Thumbnail image of: Pancreas: Illustration

Pancreatitis, Acute: Brief Version

What is acute pancreatitis?

When your pancreas gets swollen and painful, you have pancreatitis.

The pancreas is an organ behind the stomach. It makes chemicals that help digest food. It also makes insulin. Insulin controls the sugar level in your blood.

Pancreatitis can happen suddenly or over a long time. Pancreatitis that happens suddenly is called acute pancreatitis.

What is the cause?

Different things can cause pancreatitis. The most common causes are:

  • Gallstones
  • Drinking too much alcohol

What are the symptoms?

You may have a bad pain in your upper belly. You might have the pain 12 to 24 hours after a large meal or after you drink a lot of alcohol. The pain:

  • May spread to your back and chest
  • Is steady and sharp
  • Gets worse when you move
  • Feels better when you sit or lean forward
  • May make you throw up

In very bad cases, you may go into shock. During shock:

  • You may feel restless.
  • Your heartbeat may be fast.
  • You may feel lightheaded.
  • You may be confused and not able to think straight.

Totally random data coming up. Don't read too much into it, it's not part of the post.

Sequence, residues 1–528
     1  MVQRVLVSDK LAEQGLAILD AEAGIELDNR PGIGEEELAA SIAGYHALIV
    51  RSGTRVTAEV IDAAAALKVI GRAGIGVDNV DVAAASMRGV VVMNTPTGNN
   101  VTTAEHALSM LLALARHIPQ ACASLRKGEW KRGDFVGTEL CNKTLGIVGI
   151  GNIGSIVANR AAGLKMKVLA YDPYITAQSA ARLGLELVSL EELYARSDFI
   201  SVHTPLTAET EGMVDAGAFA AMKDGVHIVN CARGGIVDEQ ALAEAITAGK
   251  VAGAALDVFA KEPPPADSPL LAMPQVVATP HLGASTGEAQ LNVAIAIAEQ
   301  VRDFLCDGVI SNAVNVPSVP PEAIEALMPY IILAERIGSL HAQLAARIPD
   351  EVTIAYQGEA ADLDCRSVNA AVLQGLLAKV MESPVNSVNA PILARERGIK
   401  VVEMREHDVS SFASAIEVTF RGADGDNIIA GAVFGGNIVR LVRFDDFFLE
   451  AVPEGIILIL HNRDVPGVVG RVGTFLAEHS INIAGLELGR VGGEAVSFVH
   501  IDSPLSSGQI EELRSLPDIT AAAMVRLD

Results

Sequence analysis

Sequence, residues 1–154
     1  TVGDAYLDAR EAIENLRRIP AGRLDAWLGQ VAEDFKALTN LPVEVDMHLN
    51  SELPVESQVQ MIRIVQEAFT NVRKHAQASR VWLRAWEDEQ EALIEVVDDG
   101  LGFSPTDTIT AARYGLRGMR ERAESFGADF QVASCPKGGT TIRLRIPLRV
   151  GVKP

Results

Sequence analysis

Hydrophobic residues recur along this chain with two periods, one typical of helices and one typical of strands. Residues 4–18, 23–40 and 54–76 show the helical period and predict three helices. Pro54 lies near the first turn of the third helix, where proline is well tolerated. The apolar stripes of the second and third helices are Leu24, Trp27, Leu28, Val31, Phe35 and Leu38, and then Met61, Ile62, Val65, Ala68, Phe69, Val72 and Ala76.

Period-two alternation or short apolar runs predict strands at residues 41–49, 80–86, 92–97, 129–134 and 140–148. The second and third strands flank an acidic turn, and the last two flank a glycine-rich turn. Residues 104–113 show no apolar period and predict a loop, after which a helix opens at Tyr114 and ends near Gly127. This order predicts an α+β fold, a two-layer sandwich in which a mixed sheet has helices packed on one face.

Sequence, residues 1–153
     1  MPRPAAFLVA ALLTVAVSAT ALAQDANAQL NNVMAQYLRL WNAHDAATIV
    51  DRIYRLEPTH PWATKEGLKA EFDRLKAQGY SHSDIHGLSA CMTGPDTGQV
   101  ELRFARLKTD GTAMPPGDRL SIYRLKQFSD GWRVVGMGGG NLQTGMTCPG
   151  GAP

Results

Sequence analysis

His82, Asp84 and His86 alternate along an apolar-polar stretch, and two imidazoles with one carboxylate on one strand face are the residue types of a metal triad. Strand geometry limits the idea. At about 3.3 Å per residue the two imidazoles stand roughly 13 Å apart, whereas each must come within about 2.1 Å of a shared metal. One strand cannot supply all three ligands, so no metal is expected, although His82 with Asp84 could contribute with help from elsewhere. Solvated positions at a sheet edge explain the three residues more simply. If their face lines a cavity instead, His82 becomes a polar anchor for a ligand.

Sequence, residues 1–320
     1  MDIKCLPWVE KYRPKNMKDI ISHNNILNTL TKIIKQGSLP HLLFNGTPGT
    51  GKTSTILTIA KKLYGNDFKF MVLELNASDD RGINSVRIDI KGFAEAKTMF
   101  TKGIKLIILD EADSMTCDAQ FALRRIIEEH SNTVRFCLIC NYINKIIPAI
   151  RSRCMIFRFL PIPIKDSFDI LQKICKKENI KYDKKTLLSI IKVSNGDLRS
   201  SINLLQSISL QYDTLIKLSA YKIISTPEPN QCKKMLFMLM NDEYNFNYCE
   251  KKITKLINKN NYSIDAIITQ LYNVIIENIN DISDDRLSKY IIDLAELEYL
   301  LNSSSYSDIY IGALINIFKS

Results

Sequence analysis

• You may be cold and sweaty.

If you have any of these signs of shock, call 911 right away.

How is it treated?

You will probably stay in the hospital for treatment.

You may not be able to eat or drink anything for a while. As you get better you will start drinking clear fluids. Then you may eat soft foods that are easy to digest.

If you have gallstones, you may have surgery to remove them.

How can I take care of myself?

Follow the instructions your healthcare provider gives you. This includes:

  • How you take medicines
  • What kind of food and drink you can have
  • How active you can be

Ask your provider before you take any medicine that he or she has not prescribed for you.

How can I help prevent another attack?

Pancreatitis can happen again. Here’s what you can do help prevent another attack:

  • Don’t drink alcohol. Ask your provider for help if it’s hard for you to stop drinking.
  • If you smoke, try to quit.
  • Eat a healthy diet. Eat only the foods your provider says are OK.
  • Work with your provider to keep your blood fats (cholesterol) normal.
Developed by RelayHealth.
Adult Advisor 2015.1 published by RelayHealth.
Last modified: 2014-02-13
Last reviewed: 2015-01-28
This content is reviewed periodically and is subject to change as new health information becomes available. The information is intended to inform and educate and is not a replacement for medical evaluation, advice, diagnosis or treatment by a healthcare professional.
Copyright ©1986-2015 McKesson Corporation and/or one of its subsidiaries. All rights reserved.

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